That was when I realised that I was doing it all wrong. One of the first #flipclass chats was about how to make our students more accountable for learning. I started to realise that even though I was technically "flipped" I hadn't done the most important thing: flipping the responsibility for learning happening from me to my students.
So I stopped talking so much. I stopped answering their questions immediately, and even stopped presenting myself as having the answers to everything (as hard as I find that!). I started to try and engage their natural curiosity that had been beaten out of them for so many years of "traditional" education.
I only got one quarter to flip my students. But it was enough for most. Now the real challenge became apparent: if I started when they walked in my classroom for the first time, how long would it take to "de-program" them?
So I ran an experiment on curiosity. I asked my June School students to write a question each day as part of their exit ticket. For the first week, I got a few questions about assignments or grades (How do I do x assignment? What does y mean? What can I do to raise my grade?), a few random questions (Do you teach 11th grade? How does flex time work? How old are you? When is summer school over?), and a few genuinely interesting questions that were about the content of the course, amoung them:
--Why did Hitler hate the Jews?
--Were women treated differently during the Holocaust?
--Why did Otto Frank survive, when no one else from the Secret Annexe did?
--Why do we need to know how to research information?
--How can I make my writing more showing and less telling?
Those questions make me excited to be their teacher. The first three became options for their research inquiry (which is part of their final assignments/exams for the term). Even though the work is sequential, I had a few students ask to skip forward so they could start that one right away. How cool is that?!
Okay, when I started writing this it was to share my idea for the first day of school at my new high school.
I'm going to give them a blank piece of paper.
Okay, hear me out. I am not going to give them my syllabus. I'm not going to talk too much. I'm going to ask them to fill the page - one side with information about themselves. Whatever they think is relevant and important for me to know. The other side I'm asking them to fill with questions. It doesn't matter what questions they come up with - any question on any topic. They can work with someone else - hell, they can steal someone else's question if they want. The only rule is that they genuinely have to be interested in finding the answer.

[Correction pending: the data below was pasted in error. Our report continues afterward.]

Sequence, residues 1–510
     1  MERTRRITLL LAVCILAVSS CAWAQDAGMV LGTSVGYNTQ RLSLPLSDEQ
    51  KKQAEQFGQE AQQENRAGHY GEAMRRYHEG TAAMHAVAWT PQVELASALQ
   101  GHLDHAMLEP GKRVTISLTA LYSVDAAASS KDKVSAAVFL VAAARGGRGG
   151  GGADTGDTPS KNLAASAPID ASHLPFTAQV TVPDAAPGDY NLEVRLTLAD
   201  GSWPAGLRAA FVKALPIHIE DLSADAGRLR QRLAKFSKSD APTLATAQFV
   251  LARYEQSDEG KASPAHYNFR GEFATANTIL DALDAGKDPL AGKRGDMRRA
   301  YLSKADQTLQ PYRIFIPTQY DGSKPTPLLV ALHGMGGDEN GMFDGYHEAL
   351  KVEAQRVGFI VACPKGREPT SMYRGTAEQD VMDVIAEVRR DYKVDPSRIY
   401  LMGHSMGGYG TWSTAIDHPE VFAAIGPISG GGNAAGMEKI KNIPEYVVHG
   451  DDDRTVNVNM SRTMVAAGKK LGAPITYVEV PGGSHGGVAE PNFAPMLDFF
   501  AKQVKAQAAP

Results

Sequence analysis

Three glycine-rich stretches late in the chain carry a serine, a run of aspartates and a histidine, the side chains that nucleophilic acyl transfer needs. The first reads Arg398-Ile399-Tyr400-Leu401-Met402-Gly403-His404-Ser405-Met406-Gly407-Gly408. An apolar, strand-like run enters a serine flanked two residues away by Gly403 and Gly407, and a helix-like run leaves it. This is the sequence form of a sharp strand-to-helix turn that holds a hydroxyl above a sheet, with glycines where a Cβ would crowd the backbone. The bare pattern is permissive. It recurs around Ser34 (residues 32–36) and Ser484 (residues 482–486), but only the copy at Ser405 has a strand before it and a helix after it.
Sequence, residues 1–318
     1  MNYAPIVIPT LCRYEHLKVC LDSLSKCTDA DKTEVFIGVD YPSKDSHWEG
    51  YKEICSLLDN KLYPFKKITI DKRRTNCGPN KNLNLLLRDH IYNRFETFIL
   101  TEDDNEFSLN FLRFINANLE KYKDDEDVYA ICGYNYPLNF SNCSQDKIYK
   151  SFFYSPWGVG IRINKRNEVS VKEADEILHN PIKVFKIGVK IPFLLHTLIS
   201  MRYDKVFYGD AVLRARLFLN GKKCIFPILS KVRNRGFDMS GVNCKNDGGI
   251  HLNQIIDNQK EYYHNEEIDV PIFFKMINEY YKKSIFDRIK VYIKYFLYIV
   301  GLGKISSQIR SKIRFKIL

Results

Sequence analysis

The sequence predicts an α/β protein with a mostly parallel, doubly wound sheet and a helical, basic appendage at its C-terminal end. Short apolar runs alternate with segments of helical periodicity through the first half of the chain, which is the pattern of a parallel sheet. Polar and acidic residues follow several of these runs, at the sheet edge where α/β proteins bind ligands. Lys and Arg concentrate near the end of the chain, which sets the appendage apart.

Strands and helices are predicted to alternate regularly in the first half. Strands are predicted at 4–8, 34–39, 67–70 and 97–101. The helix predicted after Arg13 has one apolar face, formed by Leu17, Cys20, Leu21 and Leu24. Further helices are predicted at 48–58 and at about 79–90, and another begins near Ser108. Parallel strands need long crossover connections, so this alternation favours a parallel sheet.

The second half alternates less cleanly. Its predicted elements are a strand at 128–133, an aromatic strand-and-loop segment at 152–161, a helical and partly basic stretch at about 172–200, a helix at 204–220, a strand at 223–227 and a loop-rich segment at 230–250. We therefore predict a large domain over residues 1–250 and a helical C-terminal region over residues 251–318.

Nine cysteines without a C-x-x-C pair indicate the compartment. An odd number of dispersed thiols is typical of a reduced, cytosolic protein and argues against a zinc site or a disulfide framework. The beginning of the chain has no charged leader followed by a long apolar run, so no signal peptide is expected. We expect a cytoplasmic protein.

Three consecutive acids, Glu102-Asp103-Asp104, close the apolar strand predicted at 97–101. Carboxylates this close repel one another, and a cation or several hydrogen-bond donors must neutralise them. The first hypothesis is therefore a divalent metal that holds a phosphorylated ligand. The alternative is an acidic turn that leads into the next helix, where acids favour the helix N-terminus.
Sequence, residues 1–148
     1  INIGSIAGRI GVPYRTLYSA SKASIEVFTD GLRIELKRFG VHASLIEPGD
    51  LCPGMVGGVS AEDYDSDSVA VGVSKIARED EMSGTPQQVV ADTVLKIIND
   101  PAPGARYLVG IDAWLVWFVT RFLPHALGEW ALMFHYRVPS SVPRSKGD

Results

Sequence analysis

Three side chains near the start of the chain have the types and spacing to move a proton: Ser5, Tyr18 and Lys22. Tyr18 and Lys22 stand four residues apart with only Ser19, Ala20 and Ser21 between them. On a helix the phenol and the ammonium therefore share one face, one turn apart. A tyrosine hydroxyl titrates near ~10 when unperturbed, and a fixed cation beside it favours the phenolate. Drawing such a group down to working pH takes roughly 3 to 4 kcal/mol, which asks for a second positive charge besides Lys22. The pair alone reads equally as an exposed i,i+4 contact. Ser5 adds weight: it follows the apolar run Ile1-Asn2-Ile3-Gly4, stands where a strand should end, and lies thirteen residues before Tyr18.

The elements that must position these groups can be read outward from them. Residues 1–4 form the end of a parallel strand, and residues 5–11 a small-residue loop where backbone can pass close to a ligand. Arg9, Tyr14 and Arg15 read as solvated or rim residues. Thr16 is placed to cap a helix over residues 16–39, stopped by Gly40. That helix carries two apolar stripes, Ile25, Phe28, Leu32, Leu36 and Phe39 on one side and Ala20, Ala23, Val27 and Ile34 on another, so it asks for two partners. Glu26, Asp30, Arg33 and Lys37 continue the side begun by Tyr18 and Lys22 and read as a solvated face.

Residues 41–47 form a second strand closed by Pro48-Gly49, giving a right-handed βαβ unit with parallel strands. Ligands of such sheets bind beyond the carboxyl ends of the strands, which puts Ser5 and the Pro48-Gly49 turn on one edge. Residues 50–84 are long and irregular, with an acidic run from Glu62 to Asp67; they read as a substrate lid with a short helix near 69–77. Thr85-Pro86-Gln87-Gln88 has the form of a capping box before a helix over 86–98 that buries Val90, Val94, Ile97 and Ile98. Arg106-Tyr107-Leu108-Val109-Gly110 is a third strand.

Now, of course I'm not going 100% constructivist and refusing to give them any information. I'll have to do the whole dog-and-pony show explaining the flip, both to students and parents. And I'll have rules, obviously. But if my entire philosophy is about student-centred education and the flipped model, can I really spend the first few days lecturing at them and telling them about me?
I'd like to hear from some of you about how you start the year in an inquiry/PBL/student-centred/flipped class. Any brilliant ideas? I'm sure my idea isn't revolutionary, and it may not even be a good idea. Feel free to tell me that.
Parts of this post were also inspired by the brilliant Shelley Wright, and the equally brilliant Mumford and Sons (from whom I stole the title of this post). Thanks to both for their inspiration.
David Fouch (@davidfouch) on Twitter gave me an idea! What if a ton of us using #flipclass had out students do this, and we compiled them? We could Wordle them, have students make videos, blog...and then interact with other classes! Interested? Find me on Twitter or comment here!
I also see the irony in using a mostly-paperless classroom using a piece of paper on the first day. -__-